Fawl Lecture Series

2017 Fawl Lecture presents:

Frans de Waal

"Are We Smart Enough to Know How Smart Animals Are?"

Thursday, March 30, 2017
7 p.m.
O'Donnell Auditorium

Frans de Waal
Dr. de Waal is a Dutch/American ethologist and biologist known for his work on the behavior and social intelligence of primates. His first book (1982), compared the schmoozing and scheming of chimpanzees involved in power struggles with that of human politicians. Ever since, de Waal has drawn parallels between primate and human behavior, from peacemaking and morality to culture. His scientific work has been published in technical articles in journals such as Science, Nature, Scientific American and outlets specialized in animal behavior. His popular books—translated into over twenty languages—have made him one of the world's most visible primatologists. His latest books are The Atheist and the Bonobo (Norton, 2013) and Are We Smart Enough to Know How Smart Animals Are? (Norton, 2016).

De Waal is C. H. Candler Professor in the Psychology Department of Emory University and Director of the Living Links Center at the Yerkes National Primate Research Center, in Atlanta, Georgia. He is also Distinguished Professor at Utrecht University. He has been elected to the (U.S.) National Academy of Sciences and the Royal Dutch Academy of Sciences. In 2007, he was selected by Time as one of The Worlds’ 100 Most Influential People Today, and in 2011 by Discover as among 47 (all time) Great Minds of Science.

de Waal to Present His Animal Intelligence Research

Book entitled, "Are We Smart Enough To Know How Smart Animals Are?" by Frans de Waal
The wall between human and animal intelligence is starting to look like a Swiss cheese. Whereas a mechanistic view of animals prevailed during most of last century, an undercurrent of scientists nourished a more cognitive approach, which by now has become dominant. It started a century ago with the observation that chimpanzees solve problems with a flash of insight.
 

Initially, this kind of research was ridiculed and suppressed, while a taboo was placed on anthropomorphism. From a Darwinian perspective, however, the most parsimonious assumption about closely related species (such as humans and apes) is that behavioral similarity reflects psychological similarity. Anthropomorphism is actually a logical position regarding our closest relatives. Neuroscience increasingly supports this view, and human uniqueness claims have fallen one by one over the last few decades. Other primates are now seen as political, cultural, perhaps even moral beings. This cognitive revolution has been rippling beyond the primates to include the entire animal kingdom, from tool-using crows to cooperating dolphins. Many unexpected new capacities have been discovered, such as that animals are aware of their own knowledge (metacognition) or reflect on past and future (time travel).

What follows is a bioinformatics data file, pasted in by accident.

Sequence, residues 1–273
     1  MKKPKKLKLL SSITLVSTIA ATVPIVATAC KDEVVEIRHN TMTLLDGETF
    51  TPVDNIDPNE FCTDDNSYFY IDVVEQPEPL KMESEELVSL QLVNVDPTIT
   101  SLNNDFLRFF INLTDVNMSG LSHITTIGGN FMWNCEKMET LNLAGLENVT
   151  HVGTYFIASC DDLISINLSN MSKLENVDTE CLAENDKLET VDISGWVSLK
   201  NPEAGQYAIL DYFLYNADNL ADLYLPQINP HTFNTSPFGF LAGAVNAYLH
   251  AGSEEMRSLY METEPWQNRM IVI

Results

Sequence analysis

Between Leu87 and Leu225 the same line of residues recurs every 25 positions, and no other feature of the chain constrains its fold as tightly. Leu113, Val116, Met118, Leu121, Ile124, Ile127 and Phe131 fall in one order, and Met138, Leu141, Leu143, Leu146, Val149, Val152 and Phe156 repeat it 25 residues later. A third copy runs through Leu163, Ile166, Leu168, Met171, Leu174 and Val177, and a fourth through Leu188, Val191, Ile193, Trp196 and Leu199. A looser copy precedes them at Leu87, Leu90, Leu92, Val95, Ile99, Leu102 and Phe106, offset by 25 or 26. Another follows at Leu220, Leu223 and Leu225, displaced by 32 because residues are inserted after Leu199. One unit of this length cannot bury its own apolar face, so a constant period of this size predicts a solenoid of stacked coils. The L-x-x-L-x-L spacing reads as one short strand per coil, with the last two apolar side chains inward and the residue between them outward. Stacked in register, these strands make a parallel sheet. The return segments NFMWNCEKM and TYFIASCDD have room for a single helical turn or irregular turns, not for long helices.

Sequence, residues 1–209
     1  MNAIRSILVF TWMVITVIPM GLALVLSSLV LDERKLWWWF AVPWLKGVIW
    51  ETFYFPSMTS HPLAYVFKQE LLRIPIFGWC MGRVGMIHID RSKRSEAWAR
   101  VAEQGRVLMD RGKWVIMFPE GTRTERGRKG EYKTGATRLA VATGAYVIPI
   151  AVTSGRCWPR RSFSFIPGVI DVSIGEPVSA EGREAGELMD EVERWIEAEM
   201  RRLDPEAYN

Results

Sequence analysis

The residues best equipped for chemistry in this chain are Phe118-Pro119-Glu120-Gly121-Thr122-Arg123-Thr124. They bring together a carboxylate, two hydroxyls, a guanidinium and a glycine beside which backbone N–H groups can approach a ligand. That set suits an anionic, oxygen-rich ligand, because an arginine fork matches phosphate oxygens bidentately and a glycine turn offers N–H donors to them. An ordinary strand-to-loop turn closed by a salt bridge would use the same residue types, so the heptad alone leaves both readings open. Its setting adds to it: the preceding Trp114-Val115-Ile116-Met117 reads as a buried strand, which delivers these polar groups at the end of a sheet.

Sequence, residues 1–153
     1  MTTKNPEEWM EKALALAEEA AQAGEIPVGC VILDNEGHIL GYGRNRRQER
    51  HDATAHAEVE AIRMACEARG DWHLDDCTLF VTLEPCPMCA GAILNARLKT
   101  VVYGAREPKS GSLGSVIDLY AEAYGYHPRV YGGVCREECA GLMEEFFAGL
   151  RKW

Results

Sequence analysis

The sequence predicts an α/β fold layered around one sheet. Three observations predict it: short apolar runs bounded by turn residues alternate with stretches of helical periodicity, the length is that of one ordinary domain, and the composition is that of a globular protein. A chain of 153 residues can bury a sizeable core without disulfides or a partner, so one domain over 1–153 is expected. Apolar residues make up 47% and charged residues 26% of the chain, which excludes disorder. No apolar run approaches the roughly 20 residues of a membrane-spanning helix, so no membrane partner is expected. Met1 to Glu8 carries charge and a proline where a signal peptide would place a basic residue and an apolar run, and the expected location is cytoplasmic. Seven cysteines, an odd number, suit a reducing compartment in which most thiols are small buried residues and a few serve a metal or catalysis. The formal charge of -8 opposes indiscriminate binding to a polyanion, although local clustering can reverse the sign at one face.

Dr. de Waal will provide a general overview of the methods and findings of animal studies with an accent on primates and elephants, but also including octopuses, corvids, cetaceans, and fish. The central message of this new science, known as evolutionary cognition is one of mental continuity across all species, with human intelligence being a variety of animal intelligence.

 

About Fawl Lecture Series

Psychology professor PDF iconClifford L. Fawl  (1930-2002) left an indelible mark on the Psychology Department at Nebraska Wesleyan University. Chairing the department for over 40 years, Fawl challenged students to think for themselves, integrated innovative teaching programs and designed the laboratory space in the Smith-Curtis building.

In 1975, Fawl started a Psychology Fair that invited hundreds of high school students and their teachers to engage in demonstrations of psychological phenomena. Distinguished researchers in the various fields of psychology were invited each year to present a lecture and interact with our students. 

In 1997, friends and alumni donated money to establish The Fawl lecture series in his honor. There are two objectives for the Fawl Lecture Series Fund: to honor the career of Cliff Fawl and to fund an annual lecture in psychology.

 

Past Fawl Lecturers

Year Lecturer Affiliation

2015

Susan Clayton

Wooster University

2014

Samuel Gosling

University of Texas at Austin

2013

Lisa Lopez Levers

Duquesne University

2012

Ken Keith

University of San Diego

2011

Michael Shermer

The Skeptics Society

2010

James H. Bray

Baylor College of Medicine

2009

Mary Spiers

Drexel University

2008

Alice H. Eagly

Northwestern University

2007

Craig A. Anderson

Iowa State University

2006

Ludy Benjamin

Texas A&M University

2005

Robert D. Hare

University of British Columbia

2005

Christopher Peterson

University of Michigan

2001

Robert Sternberg

Yale University

2000

Margaret Matlin

State University of New York, Geneseo

1999

Richard Suinn

Colorado State University

1998

William McKeachie

University of Michigan

1997

Linda Bartoshuk

Yale University

Psychology Fair Speakers

Year Speaker Affiliation

1995

Ron Comer

Princeton University

1993

Steven Smith

Texas A&M University

1991

David Myers

Hope University

1989

Eleanor Maccoby

Stanford University

1987

Lawrence Wrightsman

University of Kansas

1985

Ludy Benjamin

Texas A&M University

1983

Elizabeth Loftus

University of Washington

1981

Allen and Beatrice Gardner

University of Nevada

1979

Richard Solomon

University of Pennsylvania

1977

James McConnell

University of Michigan

1975

Harry Harlow

University of Arizona

Contact or visit us

Psychology Department
Dr. Marilyn Petro, Department Chair
Smith-Curtis, Room 340B
Lincoln, NE 68504
402.465.2429
mpetro [at] NebrWesleyan.edu